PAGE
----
Mary Martello is classy and great fun as Higgin’s mom, Mike Corr cuts a fine figure of Eliza’s drunken dad and Lindsay Mauck overcomes the fact that she looks too young to be Higgins’ austere head of the household staff -- even if she is performing in a sort of dollhouse version.

Contact Howard Shapiro at 215-854-5727,, or #philastage on Twitter.


My Fair Lady: Through June 3 at Act II Playhouse, 56 E. Butler Ave., Ambler. Tickets: $22-$36. Information: 215-654-0200 or


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About this blog

Toby Zinman's night job since 2006 is theater critic for the Inquirer where she reviews New York and London as well as Philadelphia. Her day job: Prize-winning prof at UArts, author of five books about modern and contemporary drama, and doer of scholarly deeds (winner of five NEH grants, Fulbright lecturer at Tel Aviv University, visiting professor in China). She was recently named by American Theatre magazine "one of the twelve most influential critics in America."

Wendy Rosenfield has written freelance features and theater reviews for The Inquirer since 2006. She was theater critic for the Philadelphia Weekly from 1995 to 2001, after which she enjoyed a five-year baby-raising sabbatical. She serves on the board of the American Theatre Critics Association, was a participant in the Bennington Writer's Workshop, a 2008 NEA/USC Fellow in Theater and Musical Theater, and twice was guest critic for the Kennedy Center American College Theater Festival's Region II National Critics Institute. She received her B.A. from Bennington College and her M.L.A. from the University of Pennsylvania. She also is a fiction writer, was proofreader to a swami, publications editor for the Women's International League for Peace and Freedom, and spends all her free time working out and driving people places. Follow her on Twitter @WendyRosenfield.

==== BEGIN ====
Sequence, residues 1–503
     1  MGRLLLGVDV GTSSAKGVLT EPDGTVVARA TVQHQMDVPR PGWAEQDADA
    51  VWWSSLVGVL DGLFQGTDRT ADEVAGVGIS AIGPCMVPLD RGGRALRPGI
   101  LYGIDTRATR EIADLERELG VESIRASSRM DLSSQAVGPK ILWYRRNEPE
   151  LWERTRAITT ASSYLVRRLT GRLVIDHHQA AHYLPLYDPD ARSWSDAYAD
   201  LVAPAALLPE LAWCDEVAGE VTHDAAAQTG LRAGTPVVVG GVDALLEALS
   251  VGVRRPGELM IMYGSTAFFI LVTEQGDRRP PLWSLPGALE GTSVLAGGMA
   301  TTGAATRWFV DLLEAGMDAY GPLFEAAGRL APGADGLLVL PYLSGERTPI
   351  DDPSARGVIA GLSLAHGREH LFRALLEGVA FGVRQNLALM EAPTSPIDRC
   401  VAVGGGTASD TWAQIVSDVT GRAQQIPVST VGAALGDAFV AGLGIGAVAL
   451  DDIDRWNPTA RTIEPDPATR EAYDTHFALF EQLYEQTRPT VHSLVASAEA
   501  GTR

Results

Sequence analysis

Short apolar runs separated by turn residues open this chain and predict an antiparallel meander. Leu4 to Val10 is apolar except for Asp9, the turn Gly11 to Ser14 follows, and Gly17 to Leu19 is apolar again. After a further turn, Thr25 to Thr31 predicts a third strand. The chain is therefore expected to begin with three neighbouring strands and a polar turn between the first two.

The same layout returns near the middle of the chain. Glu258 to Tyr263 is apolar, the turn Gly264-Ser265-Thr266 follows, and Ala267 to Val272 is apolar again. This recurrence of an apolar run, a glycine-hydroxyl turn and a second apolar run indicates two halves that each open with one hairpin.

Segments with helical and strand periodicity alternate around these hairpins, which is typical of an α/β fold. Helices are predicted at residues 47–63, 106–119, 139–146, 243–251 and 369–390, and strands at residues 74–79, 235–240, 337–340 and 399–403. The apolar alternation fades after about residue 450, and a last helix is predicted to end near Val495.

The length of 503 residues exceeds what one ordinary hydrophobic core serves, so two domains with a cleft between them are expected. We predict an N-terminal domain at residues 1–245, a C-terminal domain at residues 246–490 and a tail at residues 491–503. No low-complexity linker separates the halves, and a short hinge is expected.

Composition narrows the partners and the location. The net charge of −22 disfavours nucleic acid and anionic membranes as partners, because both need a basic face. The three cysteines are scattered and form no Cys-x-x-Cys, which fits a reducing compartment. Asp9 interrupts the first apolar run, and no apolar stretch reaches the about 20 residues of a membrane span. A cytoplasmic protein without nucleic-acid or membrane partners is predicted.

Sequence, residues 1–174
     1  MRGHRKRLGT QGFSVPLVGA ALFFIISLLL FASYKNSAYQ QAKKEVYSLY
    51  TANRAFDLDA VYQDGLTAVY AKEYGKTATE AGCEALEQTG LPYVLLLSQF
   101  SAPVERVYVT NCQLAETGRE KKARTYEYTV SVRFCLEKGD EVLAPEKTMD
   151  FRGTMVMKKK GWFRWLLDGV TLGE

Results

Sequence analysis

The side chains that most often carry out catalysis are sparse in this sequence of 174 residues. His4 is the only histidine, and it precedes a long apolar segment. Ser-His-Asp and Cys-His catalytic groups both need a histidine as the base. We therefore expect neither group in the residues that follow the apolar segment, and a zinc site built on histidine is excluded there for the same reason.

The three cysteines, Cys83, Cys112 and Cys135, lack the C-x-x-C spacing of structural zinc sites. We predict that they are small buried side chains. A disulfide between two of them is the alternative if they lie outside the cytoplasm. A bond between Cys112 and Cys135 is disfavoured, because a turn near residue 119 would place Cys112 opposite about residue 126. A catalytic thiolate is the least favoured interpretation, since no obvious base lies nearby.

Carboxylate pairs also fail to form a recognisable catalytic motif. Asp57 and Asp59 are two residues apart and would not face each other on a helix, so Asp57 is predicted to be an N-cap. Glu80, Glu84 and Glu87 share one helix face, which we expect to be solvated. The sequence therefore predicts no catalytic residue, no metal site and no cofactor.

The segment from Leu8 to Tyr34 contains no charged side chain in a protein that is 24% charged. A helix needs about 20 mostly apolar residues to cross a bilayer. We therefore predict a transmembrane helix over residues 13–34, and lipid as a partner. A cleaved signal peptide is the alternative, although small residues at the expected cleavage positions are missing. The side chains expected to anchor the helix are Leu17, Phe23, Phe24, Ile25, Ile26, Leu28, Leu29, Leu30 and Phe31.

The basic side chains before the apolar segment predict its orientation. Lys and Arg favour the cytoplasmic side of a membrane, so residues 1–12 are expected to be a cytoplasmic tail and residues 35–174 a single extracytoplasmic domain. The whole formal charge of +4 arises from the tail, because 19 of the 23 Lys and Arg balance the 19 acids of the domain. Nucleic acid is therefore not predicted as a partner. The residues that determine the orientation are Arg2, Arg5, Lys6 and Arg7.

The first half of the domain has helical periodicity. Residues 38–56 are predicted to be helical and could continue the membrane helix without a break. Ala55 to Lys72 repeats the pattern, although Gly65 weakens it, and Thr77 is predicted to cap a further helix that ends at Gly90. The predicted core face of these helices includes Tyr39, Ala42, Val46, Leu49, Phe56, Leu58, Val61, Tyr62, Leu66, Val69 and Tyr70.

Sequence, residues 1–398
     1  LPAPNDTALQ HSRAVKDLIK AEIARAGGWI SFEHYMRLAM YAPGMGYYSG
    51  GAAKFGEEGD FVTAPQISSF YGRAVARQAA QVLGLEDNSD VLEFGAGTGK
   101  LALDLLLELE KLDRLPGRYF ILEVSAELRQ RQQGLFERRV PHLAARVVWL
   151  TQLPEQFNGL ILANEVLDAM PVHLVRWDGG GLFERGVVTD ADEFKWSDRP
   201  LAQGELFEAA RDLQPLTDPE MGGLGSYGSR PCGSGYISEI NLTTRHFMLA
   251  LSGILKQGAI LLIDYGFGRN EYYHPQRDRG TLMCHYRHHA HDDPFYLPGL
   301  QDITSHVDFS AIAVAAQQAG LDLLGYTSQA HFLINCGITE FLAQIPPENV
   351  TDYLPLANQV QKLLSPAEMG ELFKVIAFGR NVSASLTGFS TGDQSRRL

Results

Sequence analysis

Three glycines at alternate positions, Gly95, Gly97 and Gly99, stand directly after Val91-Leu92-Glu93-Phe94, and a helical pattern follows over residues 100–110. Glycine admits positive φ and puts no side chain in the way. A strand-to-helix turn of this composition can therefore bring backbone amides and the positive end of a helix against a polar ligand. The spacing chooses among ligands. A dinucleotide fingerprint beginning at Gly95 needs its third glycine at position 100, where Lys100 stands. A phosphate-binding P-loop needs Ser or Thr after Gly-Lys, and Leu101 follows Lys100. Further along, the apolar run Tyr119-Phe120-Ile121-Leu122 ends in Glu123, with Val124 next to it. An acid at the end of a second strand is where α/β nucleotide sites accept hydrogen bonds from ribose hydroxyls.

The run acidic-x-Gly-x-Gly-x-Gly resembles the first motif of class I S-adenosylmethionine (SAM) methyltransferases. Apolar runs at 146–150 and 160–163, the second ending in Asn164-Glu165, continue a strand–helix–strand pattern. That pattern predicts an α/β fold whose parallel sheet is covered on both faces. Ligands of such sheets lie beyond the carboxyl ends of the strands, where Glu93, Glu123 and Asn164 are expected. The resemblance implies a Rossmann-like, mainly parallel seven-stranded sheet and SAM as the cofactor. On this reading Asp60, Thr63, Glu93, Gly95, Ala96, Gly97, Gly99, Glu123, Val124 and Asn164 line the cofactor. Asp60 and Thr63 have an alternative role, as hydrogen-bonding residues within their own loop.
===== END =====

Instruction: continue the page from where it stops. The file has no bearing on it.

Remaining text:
Jim Rutter has reviewed theater for The Inquirer since September, 2011. Since 2006, he covered dance, theater and opera for the Broad Street Review, and has also written for many suburban newspapers, including The Main Line Times. In 2009, the National Endowment for the Arts awarded him a Fellowship in Arts Journalism. Thames & Hudson released his updated and revised version of Ballet and Modern Dance in June, 2012. From 1998 to 2005, he taught philosophy and logic at Drexel, and then Widener University. He also coaches Olympic Weightlifting for Liberty Barbell, and has competed at the national level in that sport since 2001.

Merilyn Jackson regularly writes on dance for The Inquirer and other publications. She specializes in the arts, literature, food, travel, and Eastern European culture and politics. In 2001, she was dance critic in residence at the Festival of Contemporary Dance in Bytom, Poland; in 2005, she received an NEA Critics’ Fellowship to Duke University’s Institute for Dance Criticism. She likes to say that dance was her first love but that when she discovered writing she began to cheat on dance. Now that she writes about dance, she’s made an honest woman of herself, although she also writes poetry.